(March 19, 2017)
I’m an American because of immigration. By heritage linked to several countries in West & North Europe, and by marriage to China. What is done against immigrants and immigration today is done against me and my family as well, even as citizens.
Among my ancestors were Irish – Fitzpatrick, O’Connell, Freele. Although the exact circumstances of their arrivals in the US are not known to me, history suggests the conditions under which they came were not serene.
In other words, I am certainly descended from refugees. And immigrants who were discriminated against because of their nationality of origin, religion, and purported character issues. Circumstances that sound a lot like the rationalizations for the ban on people from certain countries (and clearly on the basis of religion, however it is pitched). So what is done to block refugees, or people of specific countries and religions, from coming to the US is also as if done to my ancestors.
Which brings me to this op-ed in the NY Times by Fintan O’Toole, who points out the hypocrisy and indeed racism of today praising the legacy of Irish immigrants, while acting against immigrants and refugees in the way we see happening today. Do read this, whether or not you have Irish heritage.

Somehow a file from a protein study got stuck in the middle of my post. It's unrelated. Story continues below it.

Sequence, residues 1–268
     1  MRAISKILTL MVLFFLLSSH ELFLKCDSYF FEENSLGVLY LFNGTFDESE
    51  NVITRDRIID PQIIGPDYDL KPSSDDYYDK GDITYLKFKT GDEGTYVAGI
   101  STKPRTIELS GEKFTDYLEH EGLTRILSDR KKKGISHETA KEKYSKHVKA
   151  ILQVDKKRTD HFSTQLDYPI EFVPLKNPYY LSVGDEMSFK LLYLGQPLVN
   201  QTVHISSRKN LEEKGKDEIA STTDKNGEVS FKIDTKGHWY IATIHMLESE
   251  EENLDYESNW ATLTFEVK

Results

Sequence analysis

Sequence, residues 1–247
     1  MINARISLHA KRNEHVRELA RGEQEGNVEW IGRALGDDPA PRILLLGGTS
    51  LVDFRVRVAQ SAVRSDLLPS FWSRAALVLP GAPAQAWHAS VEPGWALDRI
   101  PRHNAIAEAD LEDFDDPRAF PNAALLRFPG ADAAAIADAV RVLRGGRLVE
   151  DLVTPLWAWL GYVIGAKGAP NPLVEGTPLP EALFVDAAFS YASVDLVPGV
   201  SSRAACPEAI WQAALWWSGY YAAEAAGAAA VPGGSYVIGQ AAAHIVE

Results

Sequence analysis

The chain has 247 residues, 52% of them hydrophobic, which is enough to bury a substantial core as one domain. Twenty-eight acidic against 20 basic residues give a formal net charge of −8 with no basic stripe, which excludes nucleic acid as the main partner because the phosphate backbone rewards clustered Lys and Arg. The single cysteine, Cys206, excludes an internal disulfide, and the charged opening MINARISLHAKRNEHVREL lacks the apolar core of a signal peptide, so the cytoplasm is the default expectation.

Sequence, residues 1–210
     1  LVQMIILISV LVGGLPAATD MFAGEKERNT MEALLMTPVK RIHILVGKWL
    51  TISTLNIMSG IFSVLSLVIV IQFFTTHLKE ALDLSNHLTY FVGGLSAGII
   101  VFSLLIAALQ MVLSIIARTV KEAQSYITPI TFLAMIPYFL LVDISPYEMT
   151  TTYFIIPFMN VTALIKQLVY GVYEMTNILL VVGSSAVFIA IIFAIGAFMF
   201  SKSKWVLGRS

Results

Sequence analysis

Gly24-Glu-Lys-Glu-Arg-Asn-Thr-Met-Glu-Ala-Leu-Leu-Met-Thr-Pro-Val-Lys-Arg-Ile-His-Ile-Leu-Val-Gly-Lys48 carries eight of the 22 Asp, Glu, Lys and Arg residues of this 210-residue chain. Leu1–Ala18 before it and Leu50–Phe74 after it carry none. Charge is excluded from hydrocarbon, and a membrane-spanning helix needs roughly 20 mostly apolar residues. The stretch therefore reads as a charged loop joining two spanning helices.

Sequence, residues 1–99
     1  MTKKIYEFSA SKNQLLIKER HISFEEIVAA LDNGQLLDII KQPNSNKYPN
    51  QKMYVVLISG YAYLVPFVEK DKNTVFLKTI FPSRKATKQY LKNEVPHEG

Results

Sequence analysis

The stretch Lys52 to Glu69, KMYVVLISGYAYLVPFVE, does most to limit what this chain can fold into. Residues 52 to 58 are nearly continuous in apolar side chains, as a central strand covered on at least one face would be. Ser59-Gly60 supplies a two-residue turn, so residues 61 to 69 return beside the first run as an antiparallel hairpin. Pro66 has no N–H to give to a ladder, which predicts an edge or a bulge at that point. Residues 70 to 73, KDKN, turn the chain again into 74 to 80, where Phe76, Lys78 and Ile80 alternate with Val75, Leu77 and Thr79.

Racism has historically been a “filter” on immigration to the US, and however reviled at the time, Irish and later groups from Eastern Europe, for instance, still passed that filter. One has only to look at the extreme measures long in force against Chinese immigration and the blatantly racist rhetoric especially in the late 19th century to see this. It was only in the mid 1960s that legislation finally removed the discriminatory filter.
(Since racism and arrivals in the US are at issue, it is worth reiterating that the ancestors of most African-Americans were not subject to this filter because they were not immigrants, but rather enslaved people brought against their will.)
And there is another level to consider. The current backward-looking movements in various parts of the world, including so-called “populists” in the US and Europe, are swimming against the tide of human evolution. We are one planet and one people, and the diversity within this global civilization should not be pretext for fomenting division and discord. Population movements – of migrants and expats (the faux distinction between which is another discussion) – are something to facilitate in orderly ways, and not try to wall-off legally or literally.
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